A Short Course Book
Using Your Digital Camera
A Guide To Great Photographs

Choosing Exposure Modes

Click to explore the various exposure modes on many cameras.
Modes and how they are designated on the camera vary from model to model. Modes that give you the most control, available only on more advanced cameras, are usually indicated with letters. Those that are fully automatic, often called scene modes, are indicated with icons like those shown here on this Canon mode dial.
On some cameras you select exposure modes using buttons or a menu.
Modern digital cameras have sophisticated ways of controlling the aperture and shutter speed. In fully automatic mode the camera sets them both to produce the best possible exposure. However, there are other exposure modes that are widely used in digital photography. All modes give equally good results in the vast majority of photographic situations. However, when you photograph in specific kinds of situations, each of these exposure modes may have certain advantages. Let's take a look at the modes you can expect to find on some or all digital cameras.
  • Automatic mode sets the shutter speed and aperture without your intervention. This mode allows you to shoot without paying attention to settings so you can concentrate on composition and focus.
  • Scene modes have preselected settings for specific situations such as landscapes, portraits, night portraits, sports, and close-up photography.
  • Programmed mode is just like full auto in that it sets the aperture and shutter speed for you so you can concentrate on composition and action. When in this mode, many cameras have a flexible program mode that lets you select from a series of paired aperture and shutter speed combinations that yield the same exposure as that recommended by the camera but which give you control over depth of field and motion.

One reason to use flexible program mode is that it doesn't let you choose settings that exceed your camera's exposure limits. In shutter-priority and aperture-priority mode it's possible to select a setting that can't be matched. For example, in aperture-priority mode, you may pick an aperture that's so large the camera doesn't have a shutter speed that's fast enough to prevent overexposure. Although aperture-priority and shutter-priority modes usually warn you when this happens, you won't always notice the warning. Here are some of the situations you avoid when using programmed mode.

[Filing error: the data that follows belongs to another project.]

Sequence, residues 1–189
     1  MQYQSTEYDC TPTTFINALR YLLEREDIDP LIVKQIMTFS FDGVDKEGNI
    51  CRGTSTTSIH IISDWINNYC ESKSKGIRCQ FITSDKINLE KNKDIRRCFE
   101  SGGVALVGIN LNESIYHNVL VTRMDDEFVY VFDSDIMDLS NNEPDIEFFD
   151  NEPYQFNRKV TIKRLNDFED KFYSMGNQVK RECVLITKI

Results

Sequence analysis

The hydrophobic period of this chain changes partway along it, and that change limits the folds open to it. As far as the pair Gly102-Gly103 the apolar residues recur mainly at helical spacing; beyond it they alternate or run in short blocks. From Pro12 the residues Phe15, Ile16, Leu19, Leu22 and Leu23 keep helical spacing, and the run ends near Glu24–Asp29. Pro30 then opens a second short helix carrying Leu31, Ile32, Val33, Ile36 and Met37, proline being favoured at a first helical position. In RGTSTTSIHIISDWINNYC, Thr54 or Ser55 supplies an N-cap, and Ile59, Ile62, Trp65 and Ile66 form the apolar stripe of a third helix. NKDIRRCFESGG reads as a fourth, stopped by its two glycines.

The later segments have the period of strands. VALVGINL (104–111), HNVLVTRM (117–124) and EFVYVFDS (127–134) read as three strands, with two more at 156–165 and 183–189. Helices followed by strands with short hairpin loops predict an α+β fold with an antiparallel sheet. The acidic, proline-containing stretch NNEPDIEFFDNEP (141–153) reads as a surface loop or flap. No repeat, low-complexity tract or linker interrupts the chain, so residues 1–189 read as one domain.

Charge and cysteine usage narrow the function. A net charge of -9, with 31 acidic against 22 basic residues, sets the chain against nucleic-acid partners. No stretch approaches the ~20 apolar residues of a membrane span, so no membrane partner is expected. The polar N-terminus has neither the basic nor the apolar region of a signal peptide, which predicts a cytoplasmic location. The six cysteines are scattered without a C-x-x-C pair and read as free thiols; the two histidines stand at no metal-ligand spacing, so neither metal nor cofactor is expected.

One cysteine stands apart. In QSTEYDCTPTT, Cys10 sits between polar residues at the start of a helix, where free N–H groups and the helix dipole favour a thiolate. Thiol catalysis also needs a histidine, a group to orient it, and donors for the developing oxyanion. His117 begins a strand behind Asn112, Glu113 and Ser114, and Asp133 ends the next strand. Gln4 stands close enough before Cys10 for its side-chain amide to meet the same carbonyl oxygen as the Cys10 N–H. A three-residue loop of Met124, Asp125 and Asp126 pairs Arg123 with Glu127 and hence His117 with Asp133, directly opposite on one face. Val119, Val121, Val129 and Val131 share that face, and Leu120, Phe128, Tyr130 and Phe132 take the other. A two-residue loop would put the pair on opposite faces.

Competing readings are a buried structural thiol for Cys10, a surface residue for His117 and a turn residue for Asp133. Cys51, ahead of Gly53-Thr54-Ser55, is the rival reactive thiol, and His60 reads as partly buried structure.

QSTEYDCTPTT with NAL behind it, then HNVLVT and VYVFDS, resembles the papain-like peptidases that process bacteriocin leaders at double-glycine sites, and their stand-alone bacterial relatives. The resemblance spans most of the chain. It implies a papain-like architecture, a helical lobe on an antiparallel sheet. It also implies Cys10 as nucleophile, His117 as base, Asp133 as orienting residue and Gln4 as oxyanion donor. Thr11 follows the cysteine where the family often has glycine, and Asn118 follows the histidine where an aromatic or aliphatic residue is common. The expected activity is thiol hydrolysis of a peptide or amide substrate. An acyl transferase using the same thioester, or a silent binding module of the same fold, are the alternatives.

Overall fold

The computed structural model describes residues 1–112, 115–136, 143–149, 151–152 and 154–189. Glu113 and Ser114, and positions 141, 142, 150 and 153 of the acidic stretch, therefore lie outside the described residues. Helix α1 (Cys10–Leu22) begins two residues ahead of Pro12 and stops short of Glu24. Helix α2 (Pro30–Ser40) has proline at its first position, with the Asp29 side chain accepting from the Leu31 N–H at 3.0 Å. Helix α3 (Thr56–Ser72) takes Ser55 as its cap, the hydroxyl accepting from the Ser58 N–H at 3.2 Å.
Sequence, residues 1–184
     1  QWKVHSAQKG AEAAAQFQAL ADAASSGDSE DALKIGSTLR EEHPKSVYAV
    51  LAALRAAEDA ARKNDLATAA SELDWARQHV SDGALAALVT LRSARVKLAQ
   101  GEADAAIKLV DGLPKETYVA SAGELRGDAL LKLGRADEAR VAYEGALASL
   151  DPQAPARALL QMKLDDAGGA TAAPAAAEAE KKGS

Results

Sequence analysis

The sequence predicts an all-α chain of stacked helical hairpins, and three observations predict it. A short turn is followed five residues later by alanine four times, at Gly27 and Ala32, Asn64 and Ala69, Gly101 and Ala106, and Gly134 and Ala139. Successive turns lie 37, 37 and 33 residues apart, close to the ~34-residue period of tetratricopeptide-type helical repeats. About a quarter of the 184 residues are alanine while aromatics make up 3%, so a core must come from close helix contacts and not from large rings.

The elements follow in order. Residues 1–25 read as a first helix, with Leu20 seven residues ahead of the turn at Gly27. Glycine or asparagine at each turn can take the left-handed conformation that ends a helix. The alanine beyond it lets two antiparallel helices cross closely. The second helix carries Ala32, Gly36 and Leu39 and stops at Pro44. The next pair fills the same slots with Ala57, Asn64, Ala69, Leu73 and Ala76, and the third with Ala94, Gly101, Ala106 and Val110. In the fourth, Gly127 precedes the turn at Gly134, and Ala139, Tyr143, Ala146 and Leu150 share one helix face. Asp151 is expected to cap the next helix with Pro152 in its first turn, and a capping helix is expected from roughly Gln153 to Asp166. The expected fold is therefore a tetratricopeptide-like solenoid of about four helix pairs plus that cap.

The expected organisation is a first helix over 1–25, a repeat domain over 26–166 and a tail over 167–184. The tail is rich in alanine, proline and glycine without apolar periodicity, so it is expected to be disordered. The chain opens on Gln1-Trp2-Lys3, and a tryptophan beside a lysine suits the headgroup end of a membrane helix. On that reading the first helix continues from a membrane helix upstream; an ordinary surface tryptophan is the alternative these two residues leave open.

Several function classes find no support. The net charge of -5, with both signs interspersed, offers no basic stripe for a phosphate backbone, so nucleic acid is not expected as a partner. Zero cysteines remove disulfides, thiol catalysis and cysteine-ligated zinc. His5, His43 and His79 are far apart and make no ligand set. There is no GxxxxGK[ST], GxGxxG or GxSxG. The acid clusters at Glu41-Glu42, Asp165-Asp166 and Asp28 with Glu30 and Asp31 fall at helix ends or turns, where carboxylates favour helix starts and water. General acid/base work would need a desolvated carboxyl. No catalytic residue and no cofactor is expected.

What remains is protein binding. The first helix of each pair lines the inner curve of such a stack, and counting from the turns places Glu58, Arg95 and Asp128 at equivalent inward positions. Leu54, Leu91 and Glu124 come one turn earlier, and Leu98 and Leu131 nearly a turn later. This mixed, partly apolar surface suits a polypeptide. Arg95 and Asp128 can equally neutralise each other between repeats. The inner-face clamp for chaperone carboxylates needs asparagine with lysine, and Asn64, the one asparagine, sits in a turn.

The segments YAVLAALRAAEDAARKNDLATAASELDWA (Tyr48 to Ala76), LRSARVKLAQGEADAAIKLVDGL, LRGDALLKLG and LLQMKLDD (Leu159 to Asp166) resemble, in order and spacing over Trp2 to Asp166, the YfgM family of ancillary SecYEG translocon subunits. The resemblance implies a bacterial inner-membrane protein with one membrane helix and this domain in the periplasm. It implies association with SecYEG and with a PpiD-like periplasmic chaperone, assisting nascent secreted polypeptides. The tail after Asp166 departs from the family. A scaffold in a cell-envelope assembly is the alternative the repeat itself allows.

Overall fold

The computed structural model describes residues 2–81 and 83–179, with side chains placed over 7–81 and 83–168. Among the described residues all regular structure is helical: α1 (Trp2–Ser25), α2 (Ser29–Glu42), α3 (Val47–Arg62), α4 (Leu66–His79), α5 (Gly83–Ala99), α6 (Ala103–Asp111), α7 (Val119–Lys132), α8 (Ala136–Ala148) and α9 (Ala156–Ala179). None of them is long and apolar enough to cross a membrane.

When you select a...

Large aperture

Small aperture

Slow shutter speed

Fast shutter speed
There may be...

No shutter speed that’s fast enough
No shutter speed that's slow enough
No aperture that's small enough
No aperture that's large enough




  • Shutter-priority mode lets you choose the shutter speed you need to freeze or deliberately blur camera or subject movement and the camera automatically sets the aperture to give you a good exposure. You select this mode when the portrayal of motion is most important. For example, when photographing action scenes, such as those encountered by wildlife photographers, sports photographers, and photojournalists, shutter-priority mode might be best. It lets you be sure your shutter speed is fast enough to freeze the action or slow enough to blur it.
  • Aperture-priority mode lets you select the aperture needed to obtain the depth of field you want and the exposure system automatically sets the shutter speed to give you a good exposure. You select this mode whenever depth of field is most important. To be sure everything is sharp, as in a landscape, select a small aperture. The same holds true for close-up photography where depth of field is a major concern. To throw the background out of focus so it's less distracting in a portrait, select a large aperture.
  • Manual mode lets you select both the shutter speed and the aperture. You normally use this mode only when the other modes can't give you the results you want. Some cameras have a bulb setting in this mode that lets you capture time exposures such as light trails at night.

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